Step 5: Draft your Arizona LLC Operating Agreement

An operating agreement is a written or verbal contract between LLC members outlining the conduct of each member, as well as the company itself.

While an operating agreement is not a mandatory step in Arizona to form an LLC, it’s still highly advisable for you to draft one in order to support your LLC’s status and keep its internal operations in order.

Unlike articles of organization or other formal filings, there is no uniform template for the operating agreement. Every LLC must analyze its needs and how they relate to its business purpose and draft an operating agreement that covers the most relevant provisions.

That said, the Arizona Revised Statutes section 29-3105 does offer a few general items for a standard LLC operating agreement:

  • Business relationships between LLC members and the company itself;
  • Managerial rights and responsibilities;
  • The main purpose of the company, its business goals, and general affairs;
  • How to amend the initial operating agreement.

In addition to these items, a typical operating agreement may also include other key provisions relating to the LLC’s operation and membership as long as it does not go against the law, for instance:

  • LLC members rights: The rules of conduct for every member, their titles, duties, and powers;
  • Contributed capital: The number of assets that each LLC member initially invested in the business;
  • Percentage rate: The interest each member holds in the company (often based on their capital);
  • Distribution of assets: This refers to the process of allocation profits and losses to every member based on their stake in the company;
  • Votings rights: How the meetings are held and the LLC’s electoral system;
  • Regulations pertaining to membership: The process of replacing and admitting members, member qualifications, training, and more;
  • Ownership changes: How to oversee the transfer of ownership and distribute assets;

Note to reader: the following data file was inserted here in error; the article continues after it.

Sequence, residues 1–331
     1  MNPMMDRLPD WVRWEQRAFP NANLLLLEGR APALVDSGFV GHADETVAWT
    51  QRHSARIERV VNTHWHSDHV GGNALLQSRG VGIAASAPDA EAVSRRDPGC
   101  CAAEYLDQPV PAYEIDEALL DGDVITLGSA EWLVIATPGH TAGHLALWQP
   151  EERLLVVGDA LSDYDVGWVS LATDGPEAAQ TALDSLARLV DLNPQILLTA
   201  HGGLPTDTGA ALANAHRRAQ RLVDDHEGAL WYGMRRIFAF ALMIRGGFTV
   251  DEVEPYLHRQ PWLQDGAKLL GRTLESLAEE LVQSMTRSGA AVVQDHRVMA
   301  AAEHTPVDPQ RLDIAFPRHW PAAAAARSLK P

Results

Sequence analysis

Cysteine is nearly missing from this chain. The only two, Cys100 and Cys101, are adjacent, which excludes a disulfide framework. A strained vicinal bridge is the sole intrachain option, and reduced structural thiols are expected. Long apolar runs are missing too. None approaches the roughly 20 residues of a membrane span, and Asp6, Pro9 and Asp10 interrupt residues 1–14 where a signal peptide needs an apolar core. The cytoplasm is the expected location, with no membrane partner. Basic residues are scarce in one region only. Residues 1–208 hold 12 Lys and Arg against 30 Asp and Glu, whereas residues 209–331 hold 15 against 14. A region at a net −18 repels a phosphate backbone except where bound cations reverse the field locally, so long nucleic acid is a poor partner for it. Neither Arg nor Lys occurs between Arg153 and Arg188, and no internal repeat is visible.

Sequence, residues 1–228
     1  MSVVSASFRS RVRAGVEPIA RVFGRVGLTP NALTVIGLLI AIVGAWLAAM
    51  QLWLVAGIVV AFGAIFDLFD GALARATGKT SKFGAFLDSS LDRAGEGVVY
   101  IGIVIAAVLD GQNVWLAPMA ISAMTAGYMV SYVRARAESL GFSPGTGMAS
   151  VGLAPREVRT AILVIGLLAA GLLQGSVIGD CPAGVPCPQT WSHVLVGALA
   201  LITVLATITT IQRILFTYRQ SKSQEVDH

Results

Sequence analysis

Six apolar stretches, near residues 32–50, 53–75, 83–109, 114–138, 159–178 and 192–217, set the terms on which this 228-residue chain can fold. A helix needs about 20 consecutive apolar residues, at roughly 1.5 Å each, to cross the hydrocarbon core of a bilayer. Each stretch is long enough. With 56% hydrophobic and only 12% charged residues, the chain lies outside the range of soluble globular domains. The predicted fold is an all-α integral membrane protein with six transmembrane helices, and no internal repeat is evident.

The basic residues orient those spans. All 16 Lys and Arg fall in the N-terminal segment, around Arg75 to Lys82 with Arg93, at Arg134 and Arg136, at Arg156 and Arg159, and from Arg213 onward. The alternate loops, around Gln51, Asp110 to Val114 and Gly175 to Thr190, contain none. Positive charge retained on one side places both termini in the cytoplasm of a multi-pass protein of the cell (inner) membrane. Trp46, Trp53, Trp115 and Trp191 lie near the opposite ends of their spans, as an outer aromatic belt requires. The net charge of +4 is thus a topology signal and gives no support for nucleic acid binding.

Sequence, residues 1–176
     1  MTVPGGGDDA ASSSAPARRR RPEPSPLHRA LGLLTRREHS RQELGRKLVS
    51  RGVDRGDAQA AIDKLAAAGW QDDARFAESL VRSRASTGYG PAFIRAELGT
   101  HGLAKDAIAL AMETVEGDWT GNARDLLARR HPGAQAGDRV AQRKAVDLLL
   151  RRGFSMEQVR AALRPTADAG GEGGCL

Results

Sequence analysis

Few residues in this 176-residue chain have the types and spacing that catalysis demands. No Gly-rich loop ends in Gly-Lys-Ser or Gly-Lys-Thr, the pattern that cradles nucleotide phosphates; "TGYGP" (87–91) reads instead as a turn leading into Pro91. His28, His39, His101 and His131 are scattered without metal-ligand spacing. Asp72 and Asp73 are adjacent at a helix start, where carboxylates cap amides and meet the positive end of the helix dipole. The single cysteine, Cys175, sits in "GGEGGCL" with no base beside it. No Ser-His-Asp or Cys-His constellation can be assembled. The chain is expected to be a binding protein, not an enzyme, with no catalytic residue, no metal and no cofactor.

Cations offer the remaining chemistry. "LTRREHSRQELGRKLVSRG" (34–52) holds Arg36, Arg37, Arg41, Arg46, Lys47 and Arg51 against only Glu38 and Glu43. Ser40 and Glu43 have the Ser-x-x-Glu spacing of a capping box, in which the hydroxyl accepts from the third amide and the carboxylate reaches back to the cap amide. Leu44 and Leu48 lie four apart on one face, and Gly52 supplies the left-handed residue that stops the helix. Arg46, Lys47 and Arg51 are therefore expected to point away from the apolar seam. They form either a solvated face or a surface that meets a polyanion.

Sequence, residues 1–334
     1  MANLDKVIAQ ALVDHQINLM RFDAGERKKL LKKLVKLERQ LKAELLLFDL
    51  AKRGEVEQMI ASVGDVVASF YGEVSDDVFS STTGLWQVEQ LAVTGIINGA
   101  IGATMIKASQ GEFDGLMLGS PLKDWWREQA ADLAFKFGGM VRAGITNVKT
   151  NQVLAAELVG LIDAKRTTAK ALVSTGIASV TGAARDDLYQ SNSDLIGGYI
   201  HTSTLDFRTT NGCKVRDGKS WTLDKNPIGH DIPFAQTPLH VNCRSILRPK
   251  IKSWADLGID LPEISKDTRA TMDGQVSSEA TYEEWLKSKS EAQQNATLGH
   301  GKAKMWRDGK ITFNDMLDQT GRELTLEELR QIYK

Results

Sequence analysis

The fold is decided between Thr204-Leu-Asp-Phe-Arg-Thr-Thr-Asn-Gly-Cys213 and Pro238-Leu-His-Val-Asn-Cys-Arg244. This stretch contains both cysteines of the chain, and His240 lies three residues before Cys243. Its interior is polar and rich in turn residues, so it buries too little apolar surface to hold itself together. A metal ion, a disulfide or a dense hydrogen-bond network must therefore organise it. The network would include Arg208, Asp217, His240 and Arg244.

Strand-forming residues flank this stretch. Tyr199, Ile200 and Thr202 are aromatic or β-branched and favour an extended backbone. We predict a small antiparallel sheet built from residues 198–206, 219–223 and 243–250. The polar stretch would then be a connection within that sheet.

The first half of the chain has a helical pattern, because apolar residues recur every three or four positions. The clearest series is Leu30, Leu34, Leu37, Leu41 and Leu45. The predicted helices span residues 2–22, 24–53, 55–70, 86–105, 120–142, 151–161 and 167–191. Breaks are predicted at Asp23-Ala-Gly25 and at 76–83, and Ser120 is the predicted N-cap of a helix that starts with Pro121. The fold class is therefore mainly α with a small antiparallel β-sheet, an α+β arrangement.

• Dissolution: A detailed outline for the LLC closure to avoid Arizona default laws.

Remember that the operating agreement does not need to be filed with the state or ACC or any other agency. Unlike the articles of organization or annual reports, the operating agreement is not a formal filing. Its purpose is strictly internal.

Step 6: Get an EIN (Employer Identification Number)

The main financial obligation of every employed individual is to file income taxes. But while you do your individual taxes with your SSN, an LLC and other formal entities must use the Employer Identification Number or EIN. To obtain this unique nine-digit code, an LLC must apply for the EIN with the IRS.

While it’s true that some LLCs might not need it, the majority of the companies that plan to engage in standard business practices will likely require an EIN. If you aren’t sure whether your company falls into this category, check if any of the following applies to your company:

  • It’s a multi-member LLC;
  • It’s an LLC that employs workers;
  • It’s an LLC with a corporate tax system.

A single-member LLC can handle tax filings through the owner’s SSN, but an LLC with multiple members might need to report company taxes by using the EIN. Moreover, an EIN might also be a requirement for opening a business bank account.